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Private Higher Education
January 17, 2024

Muhlenberg has received a $266,280 grant from the Arthur Vining Davis (AVD) Foundations to support the creation and implementation of the MUHLES (Mentorship of Underrepresented students for High impact LEarning in STEM) Program. The MUHLES Program is designed to improve the retention of underrepresented students in STEM majors at Muhlenberg. The MUHLES Program is set to launch in the summer.

“The AVD Letter of Intent (LOI) application process is highly competitive,” says Provost Laura Furge. “Recognizing the opportunity to create more support networks for traditionally underrepresented students in STEM with a launch grant from AVD, Muhlenberg STEM faculty came together to innovate and create a proposal that caught the attention of the AVD Foundations — a testimony to our faculty’s compelling, innovative plan and commitment to student success.”

Professor of Chemistry Keri Colabroy works on summer research with Bernice Owusu ’25, an Emerging Leader and biochemistry major, who helped pilot the MUHLES program.

Institutional data show that the first year is when such students are most likely to “leak” out of the STEM pipeline, says Professor of Chemistry Keri Colabroy, the proposal’s primary author. Underrepresented students are more likely to fail intro-level science and math courses, and that takes a large number of majors off the table for those students. Research experiences in STEM are transformative, Colabroy says, but those typically come later in a student’s college career.

The MUHLES Program provides a path for underrepresented students in STEM in the pre-matriculation summer and the first year of college. Each student in a cohort will receive a stipend and housing to participate in the summer research program and will be connected with a faculty mentor and peer mentor in the same lab as well as an alum from an underrepresented group who works in STEM. The research experience is designed to do two things. First, it will familiarize incoming students with the process of doing science. Second, it will help them build relationships, inside the lab and outside it, with their mentors and with other students in their cohort, to foster a sense of belonging and a network they can turn to as they navigate college-level STEM coursework.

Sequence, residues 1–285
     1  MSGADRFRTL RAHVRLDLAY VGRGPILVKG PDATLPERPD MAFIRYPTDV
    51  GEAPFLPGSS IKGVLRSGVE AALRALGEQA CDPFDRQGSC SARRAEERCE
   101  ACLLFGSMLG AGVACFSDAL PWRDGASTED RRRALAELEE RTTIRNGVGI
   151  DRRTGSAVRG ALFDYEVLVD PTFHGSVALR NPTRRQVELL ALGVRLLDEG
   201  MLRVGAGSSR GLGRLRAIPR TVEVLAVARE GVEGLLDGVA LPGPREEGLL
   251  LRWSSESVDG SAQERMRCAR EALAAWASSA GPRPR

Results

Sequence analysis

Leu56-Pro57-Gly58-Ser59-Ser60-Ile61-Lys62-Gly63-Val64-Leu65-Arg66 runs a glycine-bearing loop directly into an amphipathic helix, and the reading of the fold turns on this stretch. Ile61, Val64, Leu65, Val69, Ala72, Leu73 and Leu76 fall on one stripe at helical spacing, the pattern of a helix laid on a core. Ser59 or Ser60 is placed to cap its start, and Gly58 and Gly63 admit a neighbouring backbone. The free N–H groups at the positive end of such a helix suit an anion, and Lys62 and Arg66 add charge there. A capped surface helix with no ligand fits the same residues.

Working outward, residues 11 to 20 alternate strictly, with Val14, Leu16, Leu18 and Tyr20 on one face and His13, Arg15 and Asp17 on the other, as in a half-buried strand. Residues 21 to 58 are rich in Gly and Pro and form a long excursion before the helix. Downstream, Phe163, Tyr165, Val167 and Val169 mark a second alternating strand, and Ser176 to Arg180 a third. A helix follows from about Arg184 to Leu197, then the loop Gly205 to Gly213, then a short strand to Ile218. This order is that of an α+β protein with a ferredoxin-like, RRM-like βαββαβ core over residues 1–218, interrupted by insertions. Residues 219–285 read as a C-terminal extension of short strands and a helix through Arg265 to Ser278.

“The literature tells us that students from underrepresented backgrounds do not feel like they belong in the sciences,” says Colabroy, who developed the program alongside Chief Diversity Officer and Associate Provost for Equity & Inclusion Brooke Vick, Dean of Academic Life Gretchen Gotthard, Assistant Professor of Biology Giancarlo Cuadra and Assistant Professor of Physics Charles Collett. “Being part of a community where we have conversations and we eat pizza and we go mini-golfing … you build community around things other than the science so that when the science happens, you’re doing it in the context of a community that you’ve already established.”

The grant, which will cover 40 students over the course of three years, will first fund the work that’s required to get this program up and running — the training of the mentors, for example, and the development of applications for students and assessment tools for the program. The goal is to launch the program this year.

For more information see here.

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